Deja Pointer wasn’t ready for the words as they escaped her father’s lips.
“Well, baby, mom’s not doing well. She can die at any minute.”
Pointer knew the circumstances — her once vibrant mother, Sonya, was diagnosed with non-Hodgkin’s lymphoma a year earlier and had slowly deteriorated into a frail shell of herself.
“It was heartbreaking, and I didn’t really want to think that it would come to that, but I just had to face the facts and tell her my goodbyes,” Deja said.
Coming home after an off game against rival Harker Heights, the 15-year-old Ellison sophomore left her basketball gear in the car and raced into her eerily quiet house.
Passing weeping family members huddled together in a crowded living room, Deja headed straight to her mother’s room.
Twenty-four hours prior, hospice nurses said Sonya wouldn’t last through the night.
“One of her friends said it best, ‘Sonya is a stubborn woman, and she’s not going to do anything until her mind is made up,’” said Michael Pointer, Deja’s father.
Once joking she had a voice that carried, Sonya was barely audible, communicating mostly through well-timed hand squeezes. “I kissed her and said, ‘Everybody’s here, baby, it’s OK,’” Michael said.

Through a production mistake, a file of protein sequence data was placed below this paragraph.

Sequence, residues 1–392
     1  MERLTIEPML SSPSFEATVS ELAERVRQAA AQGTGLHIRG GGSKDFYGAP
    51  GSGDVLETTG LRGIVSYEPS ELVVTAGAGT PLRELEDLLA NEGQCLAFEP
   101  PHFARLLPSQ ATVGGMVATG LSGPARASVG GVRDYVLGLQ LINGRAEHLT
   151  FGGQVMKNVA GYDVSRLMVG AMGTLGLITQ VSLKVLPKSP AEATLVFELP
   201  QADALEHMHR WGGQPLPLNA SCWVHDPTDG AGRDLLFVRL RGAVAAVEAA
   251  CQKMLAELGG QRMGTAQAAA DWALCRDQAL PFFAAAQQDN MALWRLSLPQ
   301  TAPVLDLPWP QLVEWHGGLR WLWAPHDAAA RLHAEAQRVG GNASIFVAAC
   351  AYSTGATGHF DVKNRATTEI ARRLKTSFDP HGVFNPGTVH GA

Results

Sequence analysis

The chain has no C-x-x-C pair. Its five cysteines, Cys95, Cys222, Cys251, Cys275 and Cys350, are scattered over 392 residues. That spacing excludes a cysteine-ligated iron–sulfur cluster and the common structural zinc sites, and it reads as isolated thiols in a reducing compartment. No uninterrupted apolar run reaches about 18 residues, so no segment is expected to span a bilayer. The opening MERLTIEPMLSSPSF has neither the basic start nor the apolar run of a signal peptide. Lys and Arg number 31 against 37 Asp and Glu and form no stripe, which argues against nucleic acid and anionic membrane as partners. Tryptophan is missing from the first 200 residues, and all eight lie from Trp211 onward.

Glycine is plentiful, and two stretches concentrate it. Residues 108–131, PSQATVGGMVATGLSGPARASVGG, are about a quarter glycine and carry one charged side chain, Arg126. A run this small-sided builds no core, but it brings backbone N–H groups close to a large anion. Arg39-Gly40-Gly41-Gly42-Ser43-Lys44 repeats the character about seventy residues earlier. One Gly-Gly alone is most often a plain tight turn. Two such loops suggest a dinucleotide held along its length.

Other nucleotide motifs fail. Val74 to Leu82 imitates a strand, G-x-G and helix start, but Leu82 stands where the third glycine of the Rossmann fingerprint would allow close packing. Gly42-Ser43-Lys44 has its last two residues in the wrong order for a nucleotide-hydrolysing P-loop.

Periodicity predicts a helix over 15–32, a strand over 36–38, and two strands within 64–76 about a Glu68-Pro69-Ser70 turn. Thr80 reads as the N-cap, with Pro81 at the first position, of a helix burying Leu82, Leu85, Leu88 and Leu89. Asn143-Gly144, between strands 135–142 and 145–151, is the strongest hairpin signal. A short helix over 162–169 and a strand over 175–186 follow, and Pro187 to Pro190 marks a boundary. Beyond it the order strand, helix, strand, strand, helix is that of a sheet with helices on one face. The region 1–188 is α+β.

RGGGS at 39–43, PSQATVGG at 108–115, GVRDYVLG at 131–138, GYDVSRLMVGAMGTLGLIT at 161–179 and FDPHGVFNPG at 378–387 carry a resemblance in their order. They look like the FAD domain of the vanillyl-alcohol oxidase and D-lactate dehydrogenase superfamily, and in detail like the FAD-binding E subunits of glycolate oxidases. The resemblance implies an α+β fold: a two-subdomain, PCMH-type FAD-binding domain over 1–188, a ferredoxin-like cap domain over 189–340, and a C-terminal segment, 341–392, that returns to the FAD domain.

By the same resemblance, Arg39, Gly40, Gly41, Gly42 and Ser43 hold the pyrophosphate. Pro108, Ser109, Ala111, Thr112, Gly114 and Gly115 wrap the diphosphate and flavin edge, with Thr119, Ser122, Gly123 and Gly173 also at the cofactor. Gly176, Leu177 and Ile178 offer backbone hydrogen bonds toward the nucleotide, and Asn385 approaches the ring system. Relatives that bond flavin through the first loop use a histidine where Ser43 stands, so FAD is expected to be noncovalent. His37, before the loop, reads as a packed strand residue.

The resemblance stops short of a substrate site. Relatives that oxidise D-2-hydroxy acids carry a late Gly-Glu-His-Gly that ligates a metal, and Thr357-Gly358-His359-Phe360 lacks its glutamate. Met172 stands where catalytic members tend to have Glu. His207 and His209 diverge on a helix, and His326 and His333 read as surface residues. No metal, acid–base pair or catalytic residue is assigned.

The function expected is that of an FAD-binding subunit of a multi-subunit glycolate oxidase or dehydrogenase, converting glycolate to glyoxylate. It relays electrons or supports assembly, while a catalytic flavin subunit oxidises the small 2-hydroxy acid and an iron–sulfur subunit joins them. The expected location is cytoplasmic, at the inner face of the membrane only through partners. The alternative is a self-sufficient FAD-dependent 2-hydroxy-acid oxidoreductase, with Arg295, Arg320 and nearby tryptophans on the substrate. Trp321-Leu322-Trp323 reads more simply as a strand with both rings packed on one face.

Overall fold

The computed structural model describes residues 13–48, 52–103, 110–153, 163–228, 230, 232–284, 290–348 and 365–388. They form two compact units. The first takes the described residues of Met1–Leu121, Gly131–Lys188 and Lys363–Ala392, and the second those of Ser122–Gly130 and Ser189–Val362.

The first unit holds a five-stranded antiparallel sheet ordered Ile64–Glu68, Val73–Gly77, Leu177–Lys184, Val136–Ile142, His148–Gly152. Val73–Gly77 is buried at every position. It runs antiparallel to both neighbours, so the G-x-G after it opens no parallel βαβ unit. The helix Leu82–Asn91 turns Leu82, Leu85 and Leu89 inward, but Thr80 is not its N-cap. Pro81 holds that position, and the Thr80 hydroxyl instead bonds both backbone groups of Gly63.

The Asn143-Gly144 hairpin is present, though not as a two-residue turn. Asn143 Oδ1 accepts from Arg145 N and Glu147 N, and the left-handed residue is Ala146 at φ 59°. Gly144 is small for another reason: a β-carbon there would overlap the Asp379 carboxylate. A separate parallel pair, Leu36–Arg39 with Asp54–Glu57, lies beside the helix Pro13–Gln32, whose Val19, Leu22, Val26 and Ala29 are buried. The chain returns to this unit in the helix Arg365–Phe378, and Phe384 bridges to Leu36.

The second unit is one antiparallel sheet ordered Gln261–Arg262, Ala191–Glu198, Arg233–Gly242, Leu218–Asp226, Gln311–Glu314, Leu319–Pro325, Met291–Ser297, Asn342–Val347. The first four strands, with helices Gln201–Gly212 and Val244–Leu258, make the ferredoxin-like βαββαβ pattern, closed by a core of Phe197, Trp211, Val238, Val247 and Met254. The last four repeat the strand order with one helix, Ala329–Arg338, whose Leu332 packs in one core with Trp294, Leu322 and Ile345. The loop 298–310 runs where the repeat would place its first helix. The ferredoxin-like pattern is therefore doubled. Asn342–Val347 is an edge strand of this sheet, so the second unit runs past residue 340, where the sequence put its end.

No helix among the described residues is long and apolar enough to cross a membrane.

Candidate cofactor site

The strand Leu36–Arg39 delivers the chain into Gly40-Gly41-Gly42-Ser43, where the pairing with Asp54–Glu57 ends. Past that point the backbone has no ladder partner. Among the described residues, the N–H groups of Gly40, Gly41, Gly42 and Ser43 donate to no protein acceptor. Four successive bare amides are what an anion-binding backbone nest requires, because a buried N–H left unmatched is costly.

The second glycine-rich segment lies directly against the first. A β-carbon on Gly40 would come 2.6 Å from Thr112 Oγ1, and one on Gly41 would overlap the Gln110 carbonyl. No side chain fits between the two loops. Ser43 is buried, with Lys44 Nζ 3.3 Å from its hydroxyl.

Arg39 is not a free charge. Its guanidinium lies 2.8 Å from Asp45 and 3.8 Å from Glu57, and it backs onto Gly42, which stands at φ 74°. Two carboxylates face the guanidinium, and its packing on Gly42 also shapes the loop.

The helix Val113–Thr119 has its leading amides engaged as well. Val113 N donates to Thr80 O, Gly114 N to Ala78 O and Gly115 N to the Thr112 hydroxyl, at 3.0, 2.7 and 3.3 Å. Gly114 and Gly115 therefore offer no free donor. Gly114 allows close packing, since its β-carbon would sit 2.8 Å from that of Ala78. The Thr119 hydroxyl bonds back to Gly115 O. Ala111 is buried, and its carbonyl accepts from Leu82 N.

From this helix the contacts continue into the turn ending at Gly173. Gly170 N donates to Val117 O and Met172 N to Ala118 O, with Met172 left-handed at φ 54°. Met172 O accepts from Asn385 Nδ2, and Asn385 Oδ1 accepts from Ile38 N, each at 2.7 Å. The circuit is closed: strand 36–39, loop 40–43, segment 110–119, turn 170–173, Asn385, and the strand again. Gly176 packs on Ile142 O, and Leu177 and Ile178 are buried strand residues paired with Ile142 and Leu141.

Her family — Michael and all four of their children, Deja, Haleigh and stepsons Kenneth and Michael Jr. — surrounded her bed.
Kneeling beside the bed, Deja grasped her mother’s hand, gave her a gentle kiss, and shared her last goodbyes: “Momma, I love you.”
“She fought it, she fought it, but I think she just wanted to make sure we were all right there, we were all together, because that was how she always wanted it,” Michael Sr. said.
Within seconds of Mike Jr.’s final kisses, the last of her four children to do so, Sonya let out a deep breath and died.
“I actually think she waited until I got home that day,” said Deja, who two years later still has to fight back her tears.
'It is what it is'
A peaceful but heavy silence held the room in a sort of stasis, as all six Pointers remained together.
Sonya lay still, covered in a homemade quilt adorned by family photos. Deja still held tightly to her mother’s hand. It wasn’t until Ellison girls basketball coach Sherry McKinnon walked in that time and reality returned.
Called there to take Deja and little sister Haleigh away so they didn’t have to witness their mother’s body being removed, McKinnon was struck by the sound of faint sobbing coming from the most unlikely source.
“That was the first time I’d seen Deja cry,” McKinnon said. “What courage, what love, (to think) outside of herself and all the pain, to wait until everybody was there and to let Deja finish her game.”
Sonya Pointer, 36-year-old mother of four, died the evening of Jan. 4, 2011, after more than a year battling cancer.
Diagnosed in December 2009 after complaining of problems breathing, Sonya continued to teach her class of second-graders at Montague Village throughout much of her monthly chemotherapy treatments — against her husband’s wishes.